We interviewed many users, read a lot of literature and talked to experts to find out what the ideal navigation should be. Here’s what we found out.

Tasks in the spotlight

At every stage of the research, including card sorting and tree testing, we got the same results: navigation features depend on the user’s experience and knowledge.

Therefore, when updating the site navigation system, we took into account, first of all, the tasks that users have to solve. Due to the fact that now the navigation model of the site reflects the user’s thinking model, it has become easier to navigate the materials.

Efficiency and precision are important

Users noted that efficiency and accuracy are the most important factors when searching for content. Many of them, especially developers, measure efficiency by the number of mouse clicks.

To maximize the efficiency of the search engine, we began to provide users with contextual hints. As a result, users were able to determine the most relevant results and apply additional filters to improve search accuracy.

This factor was decisive in the design of the new engine for searching documentation and helped to identify important features for further optimization.

New navigation bar

New search functions

Other improvements

The analytics results after the release of these projects delighted our team, and this inspired us to continue to work on search accessibility and quality. For example, information about user search queries helps us prioritize optimization tasks.

The analytics allowed us to find out some interesting details about the search preferences of users: some use full-screen mode, while others like the modal search box. On this issue, the opinions of users were almost equally divided, and it was difficult for us to decide in which direction to continue working.

Therefore, we decided to leave both options – it only required one additional working day. Now these two modes are used equally.

Great! We believe that by implementing approaches to information search that are convenient for users, we have managed to provide them with psychological comfort.

Level 4: user experience needs

Experience is the fourth level of the hierarchy of needs, which brings the finishing touches to our theory. Here we see users who like the platform and those who were not impressed by it, those who are comfortable working on it, and those who are not very much.

We’ve made internal improvements to the platform that improve the efficiency and productivity of authors and help them create better documentation. Research shows that if an employee likes work tools, they will perform better.

Level 5: the need to contribute

Contribution is the last level of our hierarchy of needs when developing documentation. Having received quality content that is easy to find and convenient to work with, users begin to strive to contribute to the common cause and want to feel like a part of the team.

According to our research, “the need to contribute” includes:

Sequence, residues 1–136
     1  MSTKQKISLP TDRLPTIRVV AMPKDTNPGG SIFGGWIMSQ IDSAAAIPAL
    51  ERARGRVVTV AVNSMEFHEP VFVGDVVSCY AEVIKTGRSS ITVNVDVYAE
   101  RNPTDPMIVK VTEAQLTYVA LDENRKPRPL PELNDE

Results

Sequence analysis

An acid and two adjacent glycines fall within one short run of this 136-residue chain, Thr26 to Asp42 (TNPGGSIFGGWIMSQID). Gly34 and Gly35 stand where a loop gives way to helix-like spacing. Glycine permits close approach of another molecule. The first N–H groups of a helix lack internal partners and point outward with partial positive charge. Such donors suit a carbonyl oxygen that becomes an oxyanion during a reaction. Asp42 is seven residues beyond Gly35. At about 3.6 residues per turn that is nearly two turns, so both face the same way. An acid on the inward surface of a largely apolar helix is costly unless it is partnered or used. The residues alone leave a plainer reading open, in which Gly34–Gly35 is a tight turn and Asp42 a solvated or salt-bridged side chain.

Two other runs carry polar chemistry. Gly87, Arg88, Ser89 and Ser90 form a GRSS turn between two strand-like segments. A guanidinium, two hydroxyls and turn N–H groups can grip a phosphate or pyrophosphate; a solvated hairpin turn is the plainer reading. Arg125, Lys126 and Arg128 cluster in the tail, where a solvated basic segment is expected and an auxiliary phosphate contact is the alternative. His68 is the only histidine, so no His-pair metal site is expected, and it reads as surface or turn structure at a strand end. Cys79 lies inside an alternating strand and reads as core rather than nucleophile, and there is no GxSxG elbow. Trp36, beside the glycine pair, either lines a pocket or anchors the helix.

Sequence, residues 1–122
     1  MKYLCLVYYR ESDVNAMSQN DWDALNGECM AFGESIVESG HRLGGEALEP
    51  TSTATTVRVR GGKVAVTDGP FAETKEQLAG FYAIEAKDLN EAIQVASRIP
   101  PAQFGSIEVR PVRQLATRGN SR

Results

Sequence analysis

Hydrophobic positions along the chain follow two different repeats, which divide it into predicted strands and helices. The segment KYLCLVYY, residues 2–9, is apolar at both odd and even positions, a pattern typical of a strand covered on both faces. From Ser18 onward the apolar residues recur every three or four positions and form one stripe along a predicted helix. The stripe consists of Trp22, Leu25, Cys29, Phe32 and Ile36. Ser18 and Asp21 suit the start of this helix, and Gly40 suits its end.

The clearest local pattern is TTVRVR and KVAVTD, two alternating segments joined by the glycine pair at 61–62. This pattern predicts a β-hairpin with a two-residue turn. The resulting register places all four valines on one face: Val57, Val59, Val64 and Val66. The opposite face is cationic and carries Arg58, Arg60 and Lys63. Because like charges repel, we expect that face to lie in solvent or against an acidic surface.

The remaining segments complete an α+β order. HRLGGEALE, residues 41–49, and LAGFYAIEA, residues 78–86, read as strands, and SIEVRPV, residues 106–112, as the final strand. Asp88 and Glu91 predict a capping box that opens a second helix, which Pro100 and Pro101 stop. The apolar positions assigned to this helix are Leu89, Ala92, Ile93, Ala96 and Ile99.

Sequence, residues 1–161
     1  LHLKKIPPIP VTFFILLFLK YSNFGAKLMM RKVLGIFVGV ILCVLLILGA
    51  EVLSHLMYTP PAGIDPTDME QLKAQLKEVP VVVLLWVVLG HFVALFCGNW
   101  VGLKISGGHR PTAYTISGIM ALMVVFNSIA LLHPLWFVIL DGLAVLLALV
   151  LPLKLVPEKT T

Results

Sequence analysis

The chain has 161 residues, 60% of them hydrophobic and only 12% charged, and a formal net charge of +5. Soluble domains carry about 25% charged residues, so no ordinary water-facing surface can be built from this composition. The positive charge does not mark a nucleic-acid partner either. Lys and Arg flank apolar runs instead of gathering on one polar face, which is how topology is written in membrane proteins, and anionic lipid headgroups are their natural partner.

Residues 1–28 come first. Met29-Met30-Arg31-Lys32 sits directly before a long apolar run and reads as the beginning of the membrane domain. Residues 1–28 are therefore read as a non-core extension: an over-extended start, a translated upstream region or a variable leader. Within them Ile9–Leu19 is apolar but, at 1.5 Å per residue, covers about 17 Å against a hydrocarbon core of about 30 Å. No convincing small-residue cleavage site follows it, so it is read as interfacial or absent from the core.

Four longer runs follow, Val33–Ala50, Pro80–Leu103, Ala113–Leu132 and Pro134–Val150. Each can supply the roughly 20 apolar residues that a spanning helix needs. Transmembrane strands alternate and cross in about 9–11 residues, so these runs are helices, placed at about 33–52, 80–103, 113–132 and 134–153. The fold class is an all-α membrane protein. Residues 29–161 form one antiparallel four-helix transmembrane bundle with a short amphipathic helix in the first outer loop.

• a sense of belonging to the work on the documentation;

  • the ability to report problems encountered;

  • community membership.

Open source platform creation

Users who frequently work with documentation can submit pull requests to GitHub. We invite them to realize their potential and help us in the development of the platform – this will allow them to satisfy the need for self-expression (exactly in the sense that this concept is defined by Maslow).

Note: This timeline also includes commits submitted by our staff.
Note: This timeline also includes commits submitted by our staff.

Improving the feedback widget

After receiving user feedback, we have planned the following improvements.

Content mapping

The old feedback widget visually overlapped the content on the documentation site. It could not be removed or hidden.

The new widget is less visible and allows the reader to focus on learning the materials.

The quality of the feedback received

The previous widget was of little use because it did not provide enough context for authors to use to improve the quality of their content.

The new widget now has categories, with the help of which the user can classify his review.

Useful tips

Users often mistook the widget as a means of contacting support. Therefore, we had a huge number of requests for which we could not take any action.

The new widget redirects the user to the resource that best suits their needs – Community or Help Desk.

It also allows users to join the MongoDB Community and find like-minded people there.

Results and lessons learned
Results and lessons learned

As a result, we receive reviews through the widget, which contain only practically useful information about the interaction with the site. A well-thought-out rating system and classification of reviews helped to improve the quality of feedback. The total volume of reviews has decreased – and therefore the volume of work.

Future plans

We focused on the main aspects of user interaction with the site in order to implement an integrated approach to working with documentation. The user is always at the center of our development strategy and product design approach. For us it is very important! In addition, our latest projects provide a solid foundation for further development.

Translation prepared as part of the launch of the course “NoSQL”.

We invite everyone to an open webinar “MongoDB Map-Reduce Framework” Plan first day: CRUD operations; filtering by fields; sort, skip, limit; requests for subdocuments. Plan second day: the concept of map-reduce; pipeline concept; structure and syntax of aggregation; $ match stage; $ group stage; $ lookup stage.

– Learn more about the course “NoSQL”

– Watch an open webinar “MongoDB Map-Reduce Framework”